The Ying Goo Affair seems, at first glance, a personal and private affair among South Emperor Deun Chi Hing/1 Deng the Monk, Chow Bak Tung, and Ying Goo, but this apparently personal, private affair actually had far-reaching ramifications for wulin in general. Most obviously, it effectively removed South Emperor as a force in wulin. 1 Deng was alive throughout LOCH and ROCH, and his martial arts abilities were physically unimpaired, but barring his brief “comeback” at the end of ROCH to rescue Gwok Seung/defend Seung Yeung from the Mongols, South Emperor was effectively “dead” as a wulin entity during LOCH and ROCH. Imagine if the Ying Goo Affair had never happened: Deun Chi Hing would likely not have abdicated the Dali throne so soon, nor would he likely have withdrawn from wulin prematurely. Imagine another Great on the side of good (other than North Beggar Hung 7 Gung, who was rendered equally useless for a time after being injured by West Poison Au Yeung Fung) during LOCH and ROCH: the presence of an active South Emperor would have given the likes of Au Yeung Fung and Kau Cheen Yan something else to worry about.
Now, a few questions/observations about the affair itself:
1. Chow Bak Tung and Ying Goo were basically honest people, and it’s unlikely they would have kept their affair a secret for very long. Then again, they could have just kept quiet about it, couldn’t they? It’s not as if Deun Chi Hing caught the pair in bed together; (according to LOCH '82,) Prince Deun found them at a Buddhist temple – very innocuous by the looks of things. Had the couple chosen to keep their affair a secret, would Prince Deun ever have known? OK, the birth of Chow Lim Tung nine months later might have complicated things, but as Gei Hiu Fu in HSDS and others in wuxia fiction have proven, there are ways around that.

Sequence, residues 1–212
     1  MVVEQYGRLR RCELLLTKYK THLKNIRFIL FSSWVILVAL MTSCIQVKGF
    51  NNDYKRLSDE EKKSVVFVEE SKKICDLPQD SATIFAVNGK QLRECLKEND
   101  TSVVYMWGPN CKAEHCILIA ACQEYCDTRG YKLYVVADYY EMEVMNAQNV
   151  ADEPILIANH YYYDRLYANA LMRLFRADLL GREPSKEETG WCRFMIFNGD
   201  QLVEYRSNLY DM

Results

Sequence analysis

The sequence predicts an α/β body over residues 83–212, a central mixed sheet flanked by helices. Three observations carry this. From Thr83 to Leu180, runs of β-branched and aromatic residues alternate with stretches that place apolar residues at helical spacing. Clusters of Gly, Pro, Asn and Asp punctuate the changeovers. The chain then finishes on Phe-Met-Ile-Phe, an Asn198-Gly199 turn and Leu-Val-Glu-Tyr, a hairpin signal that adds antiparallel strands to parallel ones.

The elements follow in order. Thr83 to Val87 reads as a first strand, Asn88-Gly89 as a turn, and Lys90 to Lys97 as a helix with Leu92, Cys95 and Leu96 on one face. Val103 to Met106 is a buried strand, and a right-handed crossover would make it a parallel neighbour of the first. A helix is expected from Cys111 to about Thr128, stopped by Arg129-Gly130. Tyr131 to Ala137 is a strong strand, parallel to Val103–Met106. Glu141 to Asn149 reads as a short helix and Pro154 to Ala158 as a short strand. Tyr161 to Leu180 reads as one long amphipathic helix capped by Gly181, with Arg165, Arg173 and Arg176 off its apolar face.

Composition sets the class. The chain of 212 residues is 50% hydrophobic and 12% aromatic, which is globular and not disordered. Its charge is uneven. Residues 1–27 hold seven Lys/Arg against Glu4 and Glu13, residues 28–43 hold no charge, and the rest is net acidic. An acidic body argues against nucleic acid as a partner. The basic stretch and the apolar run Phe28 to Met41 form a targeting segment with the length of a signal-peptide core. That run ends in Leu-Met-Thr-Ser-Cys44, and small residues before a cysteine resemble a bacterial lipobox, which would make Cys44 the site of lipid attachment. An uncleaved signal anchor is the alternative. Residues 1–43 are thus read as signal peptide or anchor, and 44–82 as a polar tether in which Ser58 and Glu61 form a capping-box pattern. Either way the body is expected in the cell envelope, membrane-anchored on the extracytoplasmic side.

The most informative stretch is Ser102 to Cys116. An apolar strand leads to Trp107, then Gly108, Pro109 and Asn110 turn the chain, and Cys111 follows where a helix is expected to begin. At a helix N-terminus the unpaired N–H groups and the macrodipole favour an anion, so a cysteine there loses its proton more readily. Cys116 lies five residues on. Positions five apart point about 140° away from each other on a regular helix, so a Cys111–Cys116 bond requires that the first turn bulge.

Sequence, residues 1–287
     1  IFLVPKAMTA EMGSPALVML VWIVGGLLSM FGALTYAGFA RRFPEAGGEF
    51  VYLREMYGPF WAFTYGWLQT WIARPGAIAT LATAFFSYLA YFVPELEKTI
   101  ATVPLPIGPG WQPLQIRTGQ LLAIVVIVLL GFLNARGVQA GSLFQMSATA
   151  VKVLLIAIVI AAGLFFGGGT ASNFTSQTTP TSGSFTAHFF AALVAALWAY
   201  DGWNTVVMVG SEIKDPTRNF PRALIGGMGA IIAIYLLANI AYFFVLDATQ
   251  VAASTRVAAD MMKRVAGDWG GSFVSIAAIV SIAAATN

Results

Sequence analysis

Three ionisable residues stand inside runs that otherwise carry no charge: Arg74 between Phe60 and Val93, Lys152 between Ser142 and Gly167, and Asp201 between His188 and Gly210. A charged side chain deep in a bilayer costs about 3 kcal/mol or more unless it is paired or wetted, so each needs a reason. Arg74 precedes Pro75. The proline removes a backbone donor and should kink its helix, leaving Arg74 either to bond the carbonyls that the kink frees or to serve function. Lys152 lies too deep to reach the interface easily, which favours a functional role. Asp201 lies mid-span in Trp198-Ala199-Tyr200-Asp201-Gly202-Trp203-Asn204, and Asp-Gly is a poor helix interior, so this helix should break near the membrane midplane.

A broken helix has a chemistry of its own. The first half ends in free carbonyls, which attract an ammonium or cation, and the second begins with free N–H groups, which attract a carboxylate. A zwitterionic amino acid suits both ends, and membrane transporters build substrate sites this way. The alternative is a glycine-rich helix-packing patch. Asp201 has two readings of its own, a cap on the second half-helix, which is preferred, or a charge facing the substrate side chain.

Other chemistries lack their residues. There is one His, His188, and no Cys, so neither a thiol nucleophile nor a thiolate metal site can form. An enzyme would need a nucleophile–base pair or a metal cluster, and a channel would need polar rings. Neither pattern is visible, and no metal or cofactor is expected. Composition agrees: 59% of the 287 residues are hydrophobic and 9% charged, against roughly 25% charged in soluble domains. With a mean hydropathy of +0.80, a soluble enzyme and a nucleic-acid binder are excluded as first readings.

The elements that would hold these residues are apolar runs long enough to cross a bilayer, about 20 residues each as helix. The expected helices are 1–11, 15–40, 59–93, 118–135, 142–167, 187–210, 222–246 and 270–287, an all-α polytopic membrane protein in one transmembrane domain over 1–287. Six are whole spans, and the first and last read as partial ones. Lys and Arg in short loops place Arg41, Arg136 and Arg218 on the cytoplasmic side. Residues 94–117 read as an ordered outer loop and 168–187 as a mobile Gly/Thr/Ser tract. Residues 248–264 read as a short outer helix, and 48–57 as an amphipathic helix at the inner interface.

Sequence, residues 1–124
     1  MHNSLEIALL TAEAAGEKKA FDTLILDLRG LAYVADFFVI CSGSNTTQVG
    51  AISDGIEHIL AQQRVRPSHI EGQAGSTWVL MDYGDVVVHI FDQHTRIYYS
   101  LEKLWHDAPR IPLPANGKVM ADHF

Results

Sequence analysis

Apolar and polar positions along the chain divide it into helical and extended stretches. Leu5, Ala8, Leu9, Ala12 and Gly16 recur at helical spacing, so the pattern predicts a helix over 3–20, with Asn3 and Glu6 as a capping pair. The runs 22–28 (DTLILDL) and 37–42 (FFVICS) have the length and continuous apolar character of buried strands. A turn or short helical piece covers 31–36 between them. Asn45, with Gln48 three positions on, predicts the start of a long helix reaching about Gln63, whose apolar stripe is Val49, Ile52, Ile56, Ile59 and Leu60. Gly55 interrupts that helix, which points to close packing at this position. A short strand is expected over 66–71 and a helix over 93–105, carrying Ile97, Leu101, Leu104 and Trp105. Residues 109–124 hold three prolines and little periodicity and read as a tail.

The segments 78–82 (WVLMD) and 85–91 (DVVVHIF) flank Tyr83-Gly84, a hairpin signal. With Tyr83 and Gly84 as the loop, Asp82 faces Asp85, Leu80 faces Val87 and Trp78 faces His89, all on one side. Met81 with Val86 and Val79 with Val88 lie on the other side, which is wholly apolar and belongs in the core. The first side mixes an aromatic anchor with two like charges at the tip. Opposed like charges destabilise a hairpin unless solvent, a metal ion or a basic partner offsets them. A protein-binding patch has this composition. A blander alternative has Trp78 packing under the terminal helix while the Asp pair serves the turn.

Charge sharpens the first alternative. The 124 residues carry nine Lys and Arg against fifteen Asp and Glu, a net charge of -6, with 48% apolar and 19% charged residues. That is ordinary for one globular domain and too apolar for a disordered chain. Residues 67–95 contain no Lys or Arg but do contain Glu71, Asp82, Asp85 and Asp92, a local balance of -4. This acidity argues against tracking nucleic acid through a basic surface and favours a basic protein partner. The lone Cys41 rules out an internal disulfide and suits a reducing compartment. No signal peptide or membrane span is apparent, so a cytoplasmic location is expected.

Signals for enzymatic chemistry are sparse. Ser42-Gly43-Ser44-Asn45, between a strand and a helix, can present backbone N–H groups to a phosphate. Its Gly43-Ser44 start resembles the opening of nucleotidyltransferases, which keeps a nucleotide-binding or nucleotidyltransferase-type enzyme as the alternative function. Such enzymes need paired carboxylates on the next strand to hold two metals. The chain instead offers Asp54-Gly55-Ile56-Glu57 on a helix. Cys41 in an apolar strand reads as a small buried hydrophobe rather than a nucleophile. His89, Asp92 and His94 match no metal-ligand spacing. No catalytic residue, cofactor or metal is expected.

2. Central Divinity Wong Chung Yeung was the head of the wulin-renowned Cheun Jen Sect, meaning he must have had a reputation for enforcing the moral integrity of his followers. In the wake of Chow Bak Tung’s very severe infraction, however (violating the concubine of Wong Chung Yeung’s good friend, who happened to be the King of Dali to boot), Wong Chung Yeung surprisingly did not punish Chow Bak Tung at all! There was no death penalty, no punitive maiming or flogging, no banishment from the Cheun Jen Sect…I don’t think Wong Chung Yeung so much as yelled at Chow Bak Tung for what Chow had done. Isn’t this uncharacteristically and dubiously indulgent and tolerant of Wong Chung Yeung?
3. Ying Goo was very unhappy in Dali in the aftermath of the affair. She wanted to seek out Chow Bak Tung. Prince Deun, for his part, even allowed her to do so if she so wished. So why didn’t she? It’s not as if she didn’t know where to find him: Chow Bak Tung was, at that point, still a Cheun Jen Sect Taoist. He could be found at Chung Yeung Temple at Mt. Chung Nam. It didn’t occur to her until years later to go looking for him, by which time Chow was stuck on Peach Blossom Island, and Ying Goo had to obsessively study mathematics to find a way to get through or around the Peach Blossom Formation and rescue him.
Just some thoughts on the Ying Goo Affair.